Film Review: Kon-Tiki

Handsomely produced but indifferently scripted account of one of the most legendary sea voyages.
Reviews

This squad of handsome, buff, blue-eyed blonds could be a bunch of models for an Aryan Youth poster, as photographed by Bruce Weber. What they are, in fact, is the crew of the raft Kon-Tiki, captained by the visionary Thor Heyerdahl (Pål Sverre Hagen), which made its legendary 1947 journey from Peru to Polynesia, proving that it was indeed true that it was South Americans, not Asians, using a similar conveyance, who first settled there, arriving from the east.

For those who love seafaring tales of adventure with the tang of salty air practically wafting through the theatre, Kon-Tiki is highly recommended and is certainly less static than the second half of Life of Pi. Co-directors Joachim Roenning and Espen Sandberg have helmed it with an abundance of loving care and respect and it has been magnificently photographed by Geir Hartly Andreassen, who achieves some awesome underwater effects involving the various monsters which lurk beneath the raft and threaten it. A basic problem, however, is that those sharks and whales too often dominate the film, which gives devastatingly short shrift to the actual men aboard. It’s as if the filmmakers didn’t trust the audience to become involved in their backstories, as well as more of the technical aspects of the journey, and decided to deliver “adventure,” instead.

Although he ironically cannot swim, Heyerdahl, as played by Hagen, is the epitome of Gary Cooper-ish stoic heroism, with prescient visions in his baby-blues that we mere mortals can only guess at. The rest of the crew, apart from engineer Herman Watzinger (Anders Baasmo Christiansen), who provides traditional, comically incompetent relief as a chubby bumbler who never should have signed on in the first place, are completely interchangeable. The fact that you never really get to know any of them—their backgrounds or families—diminishes your caring about their survival.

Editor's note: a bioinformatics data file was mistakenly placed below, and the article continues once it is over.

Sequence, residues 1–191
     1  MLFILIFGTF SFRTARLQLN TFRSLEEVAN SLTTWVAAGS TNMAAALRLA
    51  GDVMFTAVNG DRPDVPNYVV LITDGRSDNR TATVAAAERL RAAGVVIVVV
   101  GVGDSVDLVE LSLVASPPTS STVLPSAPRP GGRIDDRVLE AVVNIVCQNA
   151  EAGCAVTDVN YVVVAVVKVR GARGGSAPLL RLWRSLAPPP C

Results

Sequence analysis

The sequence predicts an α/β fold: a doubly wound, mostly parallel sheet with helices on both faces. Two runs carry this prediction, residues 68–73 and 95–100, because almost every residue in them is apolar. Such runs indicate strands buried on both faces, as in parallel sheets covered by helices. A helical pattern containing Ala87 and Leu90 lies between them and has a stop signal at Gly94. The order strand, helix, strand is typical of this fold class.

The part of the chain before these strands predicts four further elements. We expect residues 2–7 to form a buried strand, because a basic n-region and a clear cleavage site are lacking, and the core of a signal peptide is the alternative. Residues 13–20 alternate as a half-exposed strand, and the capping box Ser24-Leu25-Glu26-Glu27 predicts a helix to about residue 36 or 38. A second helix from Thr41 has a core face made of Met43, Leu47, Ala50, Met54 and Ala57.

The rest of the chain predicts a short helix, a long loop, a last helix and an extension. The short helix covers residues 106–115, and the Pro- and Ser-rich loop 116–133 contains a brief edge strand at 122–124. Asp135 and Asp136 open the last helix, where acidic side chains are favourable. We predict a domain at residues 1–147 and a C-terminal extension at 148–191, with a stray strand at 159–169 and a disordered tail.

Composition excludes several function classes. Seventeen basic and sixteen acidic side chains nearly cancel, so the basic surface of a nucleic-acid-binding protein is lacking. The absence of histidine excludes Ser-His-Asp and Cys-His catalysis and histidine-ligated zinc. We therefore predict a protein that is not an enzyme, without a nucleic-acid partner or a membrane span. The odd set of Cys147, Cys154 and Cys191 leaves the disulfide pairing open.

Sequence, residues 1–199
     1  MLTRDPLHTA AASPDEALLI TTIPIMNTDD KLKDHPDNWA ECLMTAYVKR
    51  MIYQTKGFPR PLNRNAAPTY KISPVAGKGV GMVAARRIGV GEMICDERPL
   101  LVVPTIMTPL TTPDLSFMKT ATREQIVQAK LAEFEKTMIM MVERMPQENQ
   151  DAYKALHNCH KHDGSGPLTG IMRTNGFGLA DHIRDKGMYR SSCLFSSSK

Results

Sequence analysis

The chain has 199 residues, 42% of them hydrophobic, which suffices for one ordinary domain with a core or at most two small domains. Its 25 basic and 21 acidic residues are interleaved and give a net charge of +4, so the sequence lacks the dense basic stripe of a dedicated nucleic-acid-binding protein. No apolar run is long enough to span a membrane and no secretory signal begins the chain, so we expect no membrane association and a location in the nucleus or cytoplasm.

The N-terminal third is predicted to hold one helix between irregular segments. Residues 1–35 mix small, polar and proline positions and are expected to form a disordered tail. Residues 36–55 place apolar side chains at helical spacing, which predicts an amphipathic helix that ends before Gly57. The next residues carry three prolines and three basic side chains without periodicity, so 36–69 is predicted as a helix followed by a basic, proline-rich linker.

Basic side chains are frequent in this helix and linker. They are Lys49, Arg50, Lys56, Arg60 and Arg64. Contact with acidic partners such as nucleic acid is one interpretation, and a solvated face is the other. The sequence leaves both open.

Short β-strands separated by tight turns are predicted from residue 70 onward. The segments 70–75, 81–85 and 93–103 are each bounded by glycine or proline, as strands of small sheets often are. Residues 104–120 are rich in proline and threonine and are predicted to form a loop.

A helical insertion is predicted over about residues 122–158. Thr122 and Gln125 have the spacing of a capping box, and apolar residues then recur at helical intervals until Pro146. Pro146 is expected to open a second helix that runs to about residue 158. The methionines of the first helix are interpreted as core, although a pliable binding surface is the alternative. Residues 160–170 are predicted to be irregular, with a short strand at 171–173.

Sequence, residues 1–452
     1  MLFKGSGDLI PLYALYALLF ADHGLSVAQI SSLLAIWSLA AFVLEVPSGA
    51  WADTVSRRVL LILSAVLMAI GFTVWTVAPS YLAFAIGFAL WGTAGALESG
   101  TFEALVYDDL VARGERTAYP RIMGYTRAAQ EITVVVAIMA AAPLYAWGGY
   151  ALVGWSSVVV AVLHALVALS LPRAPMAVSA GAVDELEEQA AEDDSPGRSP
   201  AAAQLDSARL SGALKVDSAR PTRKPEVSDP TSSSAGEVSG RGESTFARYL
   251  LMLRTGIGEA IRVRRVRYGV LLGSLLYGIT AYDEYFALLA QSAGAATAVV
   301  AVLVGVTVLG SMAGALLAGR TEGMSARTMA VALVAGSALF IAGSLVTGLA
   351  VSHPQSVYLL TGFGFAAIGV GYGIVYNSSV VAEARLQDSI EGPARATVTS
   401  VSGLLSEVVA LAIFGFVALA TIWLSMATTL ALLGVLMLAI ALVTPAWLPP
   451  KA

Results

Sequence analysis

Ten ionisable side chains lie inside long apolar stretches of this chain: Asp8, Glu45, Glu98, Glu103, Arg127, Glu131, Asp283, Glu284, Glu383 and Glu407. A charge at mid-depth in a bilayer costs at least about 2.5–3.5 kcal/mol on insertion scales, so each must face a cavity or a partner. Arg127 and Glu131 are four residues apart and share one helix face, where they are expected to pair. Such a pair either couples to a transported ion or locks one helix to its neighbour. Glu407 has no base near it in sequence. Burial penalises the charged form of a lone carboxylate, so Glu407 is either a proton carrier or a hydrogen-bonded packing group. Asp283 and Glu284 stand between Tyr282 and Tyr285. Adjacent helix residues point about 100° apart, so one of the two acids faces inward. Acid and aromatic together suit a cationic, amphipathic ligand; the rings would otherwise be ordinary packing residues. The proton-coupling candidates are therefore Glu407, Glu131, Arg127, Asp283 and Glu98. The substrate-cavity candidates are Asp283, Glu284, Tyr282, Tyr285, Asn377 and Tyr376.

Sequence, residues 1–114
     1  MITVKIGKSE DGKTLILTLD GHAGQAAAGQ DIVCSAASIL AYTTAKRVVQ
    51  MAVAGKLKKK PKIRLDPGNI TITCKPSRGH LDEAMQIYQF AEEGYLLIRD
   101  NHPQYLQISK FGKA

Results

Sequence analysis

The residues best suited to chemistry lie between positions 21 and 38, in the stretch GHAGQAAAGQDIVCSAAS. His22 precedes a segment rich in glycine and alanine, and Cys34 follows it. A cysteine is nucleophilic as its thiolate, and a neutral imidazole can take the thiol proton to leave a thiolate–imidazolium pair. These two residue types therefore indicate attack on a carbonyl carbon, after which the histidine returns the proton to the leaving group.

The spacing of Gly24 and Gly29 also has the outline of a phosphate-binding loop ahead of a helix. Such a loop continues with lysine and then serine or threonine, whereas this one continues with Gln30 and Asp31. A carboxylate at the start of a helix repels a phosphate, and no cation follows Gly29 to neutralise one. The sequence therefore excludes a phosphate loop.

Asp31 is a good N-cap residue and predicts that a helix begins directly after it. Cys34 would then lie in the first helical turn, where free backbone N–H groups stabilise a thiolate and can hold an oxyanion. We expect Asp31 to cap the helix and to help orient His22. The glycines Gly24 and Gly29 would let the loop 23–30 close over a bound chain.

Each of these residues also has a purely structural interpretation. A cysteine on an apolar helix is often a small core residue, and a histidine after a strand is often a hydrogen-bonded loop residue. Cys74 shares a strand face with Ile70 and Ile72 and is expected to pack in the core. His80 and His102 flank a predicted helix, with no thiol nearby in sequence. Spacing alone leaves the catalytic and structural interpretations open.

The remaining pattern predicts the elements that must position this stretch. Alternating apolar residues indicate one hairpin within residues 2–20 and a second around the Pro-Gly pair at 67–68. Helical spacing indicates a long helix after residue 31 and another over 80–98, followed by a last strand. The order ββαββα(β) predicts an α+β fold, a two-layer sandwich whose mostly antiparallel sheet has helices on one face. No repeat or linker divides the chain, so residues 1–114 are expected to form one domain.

Johan Söderqvist’s score tries to fill in the gaps in the screenplay but only succeeds in being overloaded, blustery and obvious, like imitation Max Steiner. Everything should come together with the climactic, triumphant sighting of land but the finale falls strangely flat, and the film wraps itself up too quickly with shots of the men partying at the biggest luau ever. End titles supply more information about what happened to them and, indeed, finally give them some real individualization, but it would have been preferable to see, and not read all about it. In short, this film, for all the money spent (as Norway’s most expensive movie to date) and dazzling visual scope, only makes you yearn to see the Oscar-winning documentary which Heyerdahl himself made in 1950.